The depth of data decreases with the other countries in the survey because of fewer respondents. The trend of older users having the most data plans is reversed in Oman, with 56% of the 19-24 age bracket against just 34% in the 36-50 segment. Fifty-five percent of respondents in Kuwait have a data package, also skewed towards the 19-24 demographic (78%) and heavily male (61%). Fewer people in Qatar have data packages (49%) with the 36- to 50-year-old demographic the highest at 59%. Bahrain’s data is likely irrelevant given the sample size (just 65 responses), but 57% of those did not have a data package, with 68% of women (out of 25 responses) owning one.
For those who do not have data packages, pre-paid mobile plans are the most likely method of accessing mobile websites and apps from a device. Pre-paid is not the norm in the United States and Western Europe, but much of the rest of the world’s mobile use centers around pre-paid plans. The ability to have a data package and a carrier contract is seen as a sign of market penetration and financial strength in a region.
In the U.S., we see surveys and data analysis like this all the time. Mobile marketing and advertising firms such as Apkudo and Millennial Media issue monthly reports about user trends and consumer behavior. As smartphone use grows in the Middle East, we will likely see much more rich behavioral data come from the region as mobile advertisers and analytics services mature.
It is important to note that the sample size for this survey was small, and respondents were found through advertising on mobile websites, applications and other means.
Lead image courtesy of Wikipedia. All other charts and images from Plus7 survey.
Comedian Louis C.K. was tired of seeing his fans pay marked-up prices to enjoy his work. The bloated costs of show tickets and add-on fees for myriad middlemen had become “f—ing brutal” for consumers, C.K. told Rolling Stone recently. Thankfully, we’re no longer trapped in the 20th century with its top-heavy, restricted, one-way model of content distribution. So C.K. took to the Web.
His experiment, as he called it, was to see if he could self-release one of his stand-up comedy specials on the Internet without paying for others to produce, edit and distribute the material, all of which drive up the cost paid by fans. It was a somewhat bold gamble, even if the model had been tested successfully by a few big name bands and musicians. Would it work for stand-up comedy?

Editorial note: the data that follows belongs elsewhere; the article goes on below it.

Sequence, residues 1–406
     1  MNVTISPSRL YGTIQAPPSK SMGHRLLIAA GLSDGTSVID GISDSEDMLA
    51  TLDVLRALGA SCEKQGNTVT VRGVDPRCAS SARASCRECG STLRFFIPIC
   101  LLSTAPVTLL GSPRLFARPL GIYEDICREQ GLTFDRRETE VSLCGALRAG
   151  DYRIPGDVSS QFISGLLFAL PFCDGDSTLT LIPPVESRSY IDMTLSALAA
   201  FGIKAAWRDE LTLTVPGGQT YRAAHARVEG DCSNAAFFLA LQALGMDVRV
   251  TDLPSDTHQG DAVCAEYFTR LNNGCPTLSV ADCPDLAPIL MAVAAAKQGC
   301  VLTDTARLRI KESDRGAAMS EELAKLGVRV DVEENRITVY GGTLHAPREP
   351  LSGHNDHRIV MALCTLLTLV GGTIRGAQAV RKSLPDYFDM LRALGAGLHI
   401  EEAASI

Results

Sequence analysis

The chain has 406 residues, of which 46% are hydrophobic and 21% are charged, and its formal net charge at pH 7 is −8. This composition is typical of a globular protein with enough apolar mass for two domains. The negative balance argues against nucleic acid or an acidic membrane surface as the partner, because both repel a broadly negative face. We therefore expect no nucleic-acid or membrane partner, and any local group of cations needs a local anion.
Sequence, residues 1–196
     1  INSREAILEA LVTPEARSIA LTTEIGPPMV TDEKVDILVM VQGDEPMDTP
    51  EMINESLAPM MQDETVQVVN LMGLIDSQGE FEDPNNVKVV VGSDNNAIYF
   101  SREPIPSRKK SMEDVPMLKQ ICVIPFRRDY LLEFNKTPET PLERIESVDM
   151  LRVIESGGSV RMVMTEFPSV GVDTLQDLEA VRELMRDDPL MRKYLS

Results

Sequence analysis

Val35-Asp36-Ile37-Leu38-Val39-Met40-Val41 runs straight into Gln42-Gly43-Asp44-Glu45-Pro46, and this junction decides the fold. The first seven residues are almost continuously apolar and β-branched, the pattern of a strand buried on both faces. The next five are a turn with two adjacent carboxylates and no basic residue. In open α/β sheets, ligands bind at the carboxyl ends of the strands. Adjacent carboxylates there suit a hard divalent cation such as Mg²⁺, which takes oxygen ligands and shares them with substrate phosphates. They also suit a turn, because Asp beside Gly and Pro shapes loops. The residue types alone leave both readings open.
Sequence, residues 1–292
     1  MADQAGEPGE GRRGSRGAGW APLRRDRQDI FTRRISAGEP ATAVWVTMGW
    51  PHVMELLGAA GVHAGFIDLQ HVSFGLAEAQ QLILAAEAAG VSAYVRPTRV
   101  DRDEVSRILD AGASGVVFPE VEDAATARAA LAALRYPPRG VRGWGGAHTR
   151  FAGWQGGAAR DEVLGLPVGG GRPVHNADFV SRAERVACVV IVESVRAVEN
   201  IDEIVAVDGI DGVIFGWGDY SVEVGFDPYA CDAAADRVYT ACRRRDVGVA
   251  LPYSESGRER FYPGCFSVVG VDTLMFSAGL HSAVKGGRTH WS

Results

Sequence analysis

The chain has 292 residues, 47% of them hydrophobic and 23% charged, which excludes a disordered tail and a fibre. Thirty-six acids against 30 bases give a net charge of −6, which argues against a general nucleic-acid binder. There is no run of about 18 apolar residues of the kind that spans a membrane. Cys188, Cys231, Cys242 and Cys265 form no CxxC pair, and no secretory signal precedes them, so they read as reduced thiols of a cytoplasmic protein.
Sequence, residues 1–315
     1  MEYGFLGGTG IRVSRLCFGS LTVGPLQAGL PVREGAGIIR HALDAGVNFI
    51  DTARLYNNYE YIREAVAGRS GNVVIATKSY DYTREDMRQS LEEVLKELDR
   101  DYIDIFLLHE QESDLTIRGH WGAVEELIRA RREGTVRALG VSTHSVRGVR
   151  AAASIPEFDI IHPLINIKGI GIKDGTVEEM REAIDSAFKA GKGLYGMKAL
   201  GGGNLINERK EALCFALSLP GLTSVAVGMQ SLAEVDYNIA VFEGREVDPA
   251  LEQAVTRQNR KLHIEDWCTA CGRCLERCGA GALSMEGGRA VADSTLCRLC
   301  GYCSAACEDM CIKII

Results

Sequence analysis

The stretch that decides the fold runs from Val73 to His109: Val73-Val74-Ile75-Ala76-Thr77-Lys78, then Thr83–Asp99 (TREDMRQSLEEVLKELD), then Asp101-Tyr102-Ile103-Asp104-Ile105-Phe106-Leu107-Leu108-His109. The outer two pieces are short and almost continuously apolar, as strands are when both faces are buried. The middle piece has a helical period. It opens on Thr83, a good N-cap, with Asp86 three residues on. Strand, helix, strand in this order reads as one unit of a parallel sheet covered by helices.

For C.K., it did. He made the video available on his website last weekend as a DRM-free download for only five dollars. As he reported last night, sales of his “Live at the Beacon Theater” special sold 110,000 downloads within the first 48 hours, netting the comedian a profit of over $200,000.
This was no YouTube amateur hour, either. Between producing the video and building out the PayPal-powered e-commerce site needed to sell it, expenses for the project were just over $200,000, some of which was offset by ticket sales. To help keep costs down, C.K. directed and edited the video himself. Much of the promotion of the project happened online too, including a Q&A with fans on Reddit.
As C.K. notes, he could have had a third party company produce and sell the material to fans. They would do most of the heavy lifting, but would also pass significant costs onto consumers and come with restrictions on viewing the content.
“This way, you only paid $5, you can use the video any way you want, and you can watch it in Dublin, whatever the city is in Belgium, or Dubai,” wrote C.K. “I got paid nice, and I still own the video (as do you). You never have to join anything, and you never have to hear from us again.”
A Win For the Web, Despite Piracy Risks
By making the video freely available, C.K. runs the obvious risk of having it uploaded to Bit Torrent and otherwise shared freely among people online. And there’s no doubt many will do that. Yet his experiment shows that with an established enough brand, artists can produce and distribute their work by themselves, without the need for middlemen and extraneous costs.
It doesn’t hurt that Louis C.K. is already a famous comedian who has had plenty of material produced and sold via the traditional approach, from stand-up specials to his ongoing television series. The DIY method may not work for up-and-coming artists at this point, but with developments like these, the Web is proving itself to be increasingly powerful for distributing and promoting one’s work. Despite the conventional wisdom, as C.K.’s experiment has demonstrated, it’s even possible to get paid.